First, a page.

Turnover in the greenback has been cut in half as the currencies of ‘friendly’ countries gain prominence
Trading in the currencies of so-called ‘friendly’ nations, or those that did not impose sanctions on Russia, has surged on the Moscow Exchange this year, pushing out the US dollar, the head of the bourse, Yury Denisov, said on Tuesday.
The Belarusian ruble and Chinese yuan have seen volumes grow the most, by 110 and 41 times, respectively, while turnover in the Turkish lira is up some 17-fold and in the Kazakh tenge by 13-fold. The overall share of the trading volume now attributable to ‘friendly’ currencies had surged 70-fold to 34% as of November, from 0.5% in early 2022.
The managing director of the exchange’s business development department, Kirill Pestov, explained that such an increase in turnover in the lira was partly due to demand for the Turkish currency from Russian tourists.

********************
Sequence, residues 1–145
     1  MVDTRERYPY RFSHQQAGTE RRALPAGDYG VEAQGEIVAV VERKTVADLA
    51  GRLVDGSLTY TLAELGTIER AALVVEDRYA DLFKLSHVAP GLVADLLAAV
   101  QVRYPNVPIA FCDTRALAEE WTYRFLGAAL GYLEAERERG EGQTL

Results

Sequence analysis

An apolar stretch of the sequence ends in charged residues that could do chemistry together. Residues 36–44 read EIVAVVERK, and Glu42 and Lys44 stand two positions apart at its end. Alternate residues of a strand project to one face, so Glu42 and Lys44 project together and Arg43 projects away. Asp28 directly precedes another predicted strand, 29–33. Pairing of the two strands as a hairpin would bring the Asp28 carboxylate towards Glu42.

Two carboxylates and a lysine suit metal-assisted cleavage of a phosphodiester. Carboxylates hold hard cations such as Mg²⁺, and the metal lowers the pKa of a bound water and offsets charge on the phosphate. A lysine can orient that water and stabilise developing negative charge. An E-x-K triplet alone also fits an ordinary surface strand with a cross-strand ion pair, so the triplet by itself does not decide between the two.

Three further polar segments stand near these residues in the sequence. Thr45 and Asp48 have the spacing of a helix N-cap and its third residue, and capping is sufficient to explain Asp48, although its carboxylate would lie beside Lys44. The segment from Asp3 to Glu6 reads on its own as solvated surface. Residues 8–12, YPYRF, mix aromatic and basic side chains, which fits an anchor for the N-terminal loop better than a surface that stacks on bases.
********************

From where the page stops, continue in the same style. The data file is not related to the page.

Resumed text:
Meanwhile, the share of the US dollar in spot transactions has halved from 84% to 42%, Denisov said, adding that turnover in euros grew slightly as trade with European countries continued.
This year, the Moscow Exchange also launched trading in the South African rand, Armenian dram, Uzbekistani sum, and Tajikistani somoni.
As the bourse is looking to non-Western markets for further development in 2023, it is planning to start trading in the UAE dirham, Azerbaijani manat, and the Egyptian pound, according to Denisov.
“Those are the currencies of Russia’s biggest foreign trade partners,” he explained.
Amid growing demand for national currencies, the exchange also plans to launch futures on a number of currency pairs next year: Turkish lira-Russian ruble, Hong Kong dollar-Russian ruble, and US dollar-Chinese yuan.
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December 21, 2022 at 02:58PM